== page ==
Unfortunately, however, and this is where we are going to close, so that you have something to think about tonight, for those who are unprepared for death, this is the moment they miss utterly. It is never known. This precious moment where we come face to face, freely with our own nature—and we sleep through it, we literally sleep through it—and it’s because we cannot recognize. It is like a person who is suddenly without eyes. They see blackness, and not knowing that this is their life, without eyes, they think it is time to sleep. They instinctively go towards sleep. If the person recognizes this nature, the liberation that occurs at the moment of the union of the mother principle and the father principle, that occurs when these two principles have united, is supreme realization. Very difficult to do, but the result is supreme, in that one can return in a form to benefit sentient beings having accomplished the pure view of recognizing one’s own buddha nature. One literally abides spontaneously in the mind of the buddhas. One literally is awake. Having remained awake in that time, one has created the potential and the connection with the awakeness of one’s own nature. And so this extraordinary moment, this extraordinary benefit, for most of us, is completely unrecognized. Because we have no experience with meditation we cannot recognize our mother, our nature. We cannot recognize the Dharmata. We have no experience with it. It is like a child who is taken out from the mother’s womb, never having seen the mother’s face, and is raised separately from the mother. That child would not recognize its mother and would not drink from its mother’s breast.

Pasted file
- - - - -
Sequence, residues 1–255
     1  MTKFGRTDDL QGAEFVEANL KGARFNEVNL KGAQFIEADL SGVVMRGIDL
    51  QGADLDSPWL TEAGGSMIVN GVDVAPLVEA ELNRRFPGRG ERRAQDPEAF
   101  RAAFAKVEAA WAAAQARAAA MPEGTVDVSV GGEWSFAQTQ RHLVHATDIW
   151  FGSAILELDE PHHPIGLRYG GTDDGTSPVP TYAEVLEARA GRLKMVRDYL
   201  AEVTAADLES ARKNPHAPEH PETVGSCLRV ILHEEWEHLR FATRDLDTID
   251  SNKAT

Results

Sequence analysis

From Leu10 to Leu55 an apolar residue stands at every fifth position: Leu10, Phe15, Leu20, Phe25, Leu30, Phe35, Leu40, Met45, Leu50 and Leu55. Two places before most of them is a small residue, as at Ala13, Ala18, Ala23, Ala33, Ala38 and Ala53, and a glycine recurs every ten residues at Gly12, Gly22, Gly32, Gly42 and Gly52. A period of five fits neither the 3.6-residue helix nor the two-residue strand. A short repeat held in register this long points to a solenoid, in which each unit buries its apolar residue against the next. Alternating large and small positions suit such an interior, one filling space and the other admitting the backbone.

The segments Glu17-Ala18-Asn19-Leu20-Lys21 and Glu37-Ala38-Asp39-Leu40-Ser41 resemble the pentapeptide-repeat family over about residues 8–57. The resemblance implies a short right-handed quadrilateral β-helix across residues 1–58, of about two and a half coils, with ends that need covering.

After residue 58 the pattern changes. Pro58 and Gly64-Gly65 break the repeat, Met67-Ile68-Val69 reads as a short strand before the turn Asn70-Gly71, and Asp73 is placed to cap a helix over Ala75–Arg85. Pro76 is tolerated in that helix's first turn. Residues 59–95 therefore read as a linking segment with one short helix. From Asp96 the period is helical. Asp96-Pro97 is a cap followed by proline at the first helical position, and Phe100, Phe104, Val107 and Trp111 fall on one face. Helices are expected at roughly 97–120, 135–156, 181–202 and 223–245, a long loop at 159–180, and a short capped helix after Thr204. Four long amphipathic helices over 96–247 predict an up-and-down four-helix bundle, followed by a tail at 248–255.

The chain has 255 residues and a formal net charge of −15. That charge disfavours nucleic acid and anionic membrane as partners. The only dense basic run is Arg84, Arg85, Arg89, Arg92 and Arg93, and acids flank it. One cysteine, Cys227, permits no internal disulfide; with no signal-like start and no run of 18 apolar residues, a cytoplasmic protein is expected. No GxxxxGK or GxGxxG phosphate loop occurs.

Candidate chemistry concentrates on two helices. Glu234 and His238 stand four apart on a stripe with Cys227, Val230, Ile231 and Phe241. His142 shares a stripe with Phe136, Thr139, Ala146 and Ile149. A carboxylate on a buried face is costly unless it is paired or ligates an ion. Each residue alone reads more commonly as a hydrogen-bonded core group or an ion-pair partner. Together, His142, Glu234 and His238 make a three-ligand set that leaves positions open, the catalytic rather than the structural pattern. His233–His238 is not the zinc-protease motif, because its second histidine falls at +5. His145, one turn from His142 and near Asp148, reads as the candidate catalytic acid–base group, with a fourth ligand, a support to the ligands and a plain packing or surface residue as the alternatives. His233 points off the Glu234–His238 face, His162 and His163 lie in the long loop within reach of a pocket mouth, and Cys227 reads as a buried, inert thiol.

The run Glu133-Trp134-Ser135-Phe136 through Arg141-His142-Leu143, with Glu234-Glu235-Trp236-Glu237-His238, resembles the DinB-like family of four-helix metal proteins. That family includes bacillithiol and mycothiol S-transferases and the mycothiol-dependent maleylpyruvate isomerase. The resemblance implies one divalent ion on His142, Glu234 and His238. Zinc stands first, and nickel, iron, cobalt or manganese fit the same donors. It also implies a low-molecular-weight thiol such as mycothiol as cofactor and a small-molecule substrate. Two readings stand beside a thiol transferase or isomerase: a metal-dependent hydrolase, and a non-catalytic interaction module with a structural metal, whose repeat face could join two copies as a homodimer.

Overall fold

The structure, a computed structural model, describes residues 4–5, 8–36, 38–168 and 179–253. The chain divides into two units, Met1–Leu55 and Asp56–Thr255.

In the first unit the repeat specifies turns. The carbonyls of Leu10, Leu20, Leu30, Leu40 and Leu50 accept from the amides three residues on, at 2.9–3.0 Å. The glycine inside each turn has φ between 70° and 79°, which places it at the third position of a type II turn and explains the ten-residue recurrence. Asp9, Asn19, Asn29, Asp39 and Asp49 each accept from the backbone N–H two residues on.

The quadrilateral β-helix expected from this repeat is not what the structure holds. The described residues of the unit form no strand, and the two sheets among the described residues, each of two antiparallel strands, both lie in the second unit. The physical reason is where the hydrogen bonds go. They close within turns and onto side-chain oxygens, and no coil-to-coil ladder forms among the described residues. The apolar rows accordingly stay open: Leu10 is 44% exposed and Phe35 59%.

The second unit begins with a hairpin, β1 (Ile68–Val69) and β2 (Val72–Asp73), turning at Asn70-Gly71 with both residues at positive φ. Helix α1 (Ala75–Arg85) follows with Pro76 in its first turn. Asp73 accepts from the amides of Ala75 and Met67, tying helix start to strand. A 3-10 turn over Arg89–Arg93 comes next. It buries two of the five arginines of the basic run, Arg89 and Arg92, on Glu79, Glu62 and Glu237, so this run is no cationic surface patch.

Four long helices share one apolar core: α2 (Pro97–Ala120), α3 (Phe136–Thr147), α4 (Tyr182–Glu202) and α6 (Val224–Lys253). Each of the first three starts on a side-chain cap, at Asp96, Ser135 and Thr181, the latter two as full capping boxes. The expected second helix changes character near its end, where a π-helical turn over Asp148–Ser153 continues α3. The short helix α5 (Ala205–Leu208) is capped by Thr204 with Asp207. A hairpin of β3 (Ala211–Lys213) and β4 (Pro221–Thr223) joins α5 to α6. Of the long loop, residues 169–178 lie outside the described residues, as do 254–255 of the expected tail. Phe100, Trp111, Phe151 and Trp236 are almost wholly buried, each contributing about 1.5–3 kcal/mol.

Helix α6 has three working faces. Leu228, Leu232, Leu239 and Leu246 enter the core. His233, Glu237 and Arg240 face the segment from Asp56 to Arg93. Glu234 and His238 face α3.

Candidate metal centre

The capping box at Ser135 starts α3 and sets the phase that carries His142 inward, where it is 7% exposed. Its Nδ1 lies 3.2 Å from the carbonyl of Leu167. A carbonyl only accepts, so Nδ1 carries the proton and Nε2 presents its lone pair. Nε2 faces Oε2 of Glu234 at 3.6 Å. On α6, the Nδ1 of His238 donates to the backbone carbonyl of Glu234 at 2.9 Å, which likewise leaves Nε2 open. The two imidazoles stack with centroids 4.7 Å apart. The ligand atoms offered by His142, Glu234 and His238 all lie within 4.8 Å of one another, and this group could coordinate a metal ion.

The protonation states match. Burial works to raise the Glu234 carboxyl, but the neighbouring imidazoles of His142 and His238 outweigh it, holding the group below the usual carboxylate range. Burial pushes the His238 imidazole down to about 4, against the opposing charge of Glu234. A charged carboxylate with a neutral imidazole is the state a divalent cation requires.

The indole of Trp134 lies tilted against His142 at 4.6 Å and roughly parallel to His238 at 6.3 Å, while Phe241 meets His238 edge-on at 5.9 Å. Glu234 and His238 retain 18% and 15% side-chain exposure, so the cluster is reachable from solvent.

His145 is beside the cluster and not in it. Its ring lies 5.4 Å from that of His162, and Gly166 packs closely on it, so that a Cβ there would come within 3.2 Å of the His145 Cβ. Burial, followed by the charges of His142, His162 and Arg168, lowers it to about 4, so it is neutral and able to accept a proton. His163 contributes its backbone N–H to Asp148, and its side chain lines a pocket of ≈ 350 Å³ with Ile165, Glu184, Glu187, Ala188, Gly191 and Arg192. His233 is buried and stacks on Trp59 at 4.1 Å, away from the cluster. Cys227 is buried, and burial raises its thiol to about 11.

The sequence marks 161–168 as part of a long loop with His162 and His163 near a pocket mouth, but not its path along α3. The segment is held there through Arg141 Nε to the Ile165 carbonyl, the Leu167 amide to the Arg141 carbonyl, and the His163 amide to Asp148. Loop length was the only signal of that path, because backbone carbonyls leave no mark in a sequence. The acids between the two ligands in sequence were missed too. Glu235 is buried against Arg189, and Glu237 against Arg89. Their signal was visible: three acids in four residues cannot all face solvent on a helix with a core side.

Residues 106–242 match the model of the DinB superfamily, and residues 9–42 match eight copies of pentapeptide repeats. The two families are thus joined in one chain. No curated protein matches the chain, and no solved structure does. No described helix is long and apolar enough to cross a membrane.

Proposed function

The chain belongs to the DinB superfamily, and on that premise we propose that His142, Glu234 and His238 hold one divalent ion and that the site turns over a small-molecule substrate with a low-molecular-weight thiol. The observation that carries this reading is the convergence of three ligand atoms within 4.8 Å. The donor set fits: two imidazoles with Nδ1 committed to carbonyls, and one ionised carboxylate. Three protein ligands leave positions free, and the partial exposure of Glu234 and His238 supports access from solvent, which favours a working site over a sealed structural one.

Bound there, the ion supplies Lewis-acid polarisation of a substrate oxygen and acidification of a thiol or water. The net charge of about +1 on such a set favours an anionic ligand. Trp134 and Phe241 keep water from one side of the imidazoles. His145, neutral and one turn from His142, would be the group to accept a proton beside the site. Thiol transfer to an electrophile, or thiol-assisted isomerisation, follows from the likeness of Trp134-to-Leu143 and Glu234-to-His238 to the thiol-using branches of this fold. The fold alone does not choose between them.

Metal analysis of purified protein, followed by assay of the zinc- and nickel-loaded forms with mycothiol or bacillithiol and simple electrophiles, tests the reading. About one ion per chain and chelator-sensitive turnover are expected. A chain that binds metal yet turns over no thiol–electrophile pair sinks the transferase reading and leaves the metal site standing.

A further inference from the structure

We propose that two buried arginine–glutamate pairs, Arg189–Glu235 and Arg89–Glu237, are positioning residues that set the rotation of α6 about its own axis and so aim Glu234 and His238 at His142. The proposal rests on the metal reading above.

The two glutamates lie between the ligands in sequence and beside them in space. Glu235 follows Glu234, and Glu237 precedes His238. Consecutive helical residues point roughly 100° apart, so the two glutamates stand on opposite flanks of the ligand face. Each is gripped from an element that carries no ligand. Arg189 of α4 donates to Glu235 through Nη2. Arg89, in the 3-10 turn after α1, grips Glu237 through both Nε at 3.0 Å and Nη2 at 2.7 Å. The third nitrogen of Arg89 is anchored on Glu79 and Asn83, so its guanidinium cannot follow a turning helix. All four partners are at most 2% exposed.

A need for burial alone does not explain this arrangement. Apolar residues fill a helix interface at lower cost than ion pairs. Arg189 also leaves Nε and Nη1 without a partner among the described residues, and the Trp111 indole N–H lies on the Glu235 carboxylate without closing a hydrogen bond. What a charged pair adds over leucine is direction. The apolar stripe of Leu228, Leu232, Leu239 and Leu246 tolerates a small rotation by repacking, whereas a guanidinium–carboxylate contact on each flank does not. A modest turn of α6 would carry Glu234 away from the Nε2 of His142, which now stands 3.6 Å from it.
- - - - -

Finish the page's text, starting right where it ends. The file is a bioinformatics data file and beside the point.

So this is the experience that we are fighting for in our practice of Phowa. We are fighting to recognize those moments and to prepare ourselves for something that, while frightening to ordinary sentient beings, for the practitioner can be an extremely joyful, happy, and productive moment.

Copyright © Jetsunma Ahkon Norbu Lhamo All rights reserved

 

The Bardo of the Moment of Death

process of dying

The following is an excerpt from a teaching by Jetsunma Ahkon Lhamo offered during a Phowa retreat:

Now, let’s look at the bardo of the moment of death. Our body is made up of four elements: They are the earth element, the water element, the fire element, and the air element. At the moment of death, and what death actually is from a metaphysical point of view, these elements begin to disengage. Here they are knit, you see, into a fabric. They are knit into what you think of as yourself.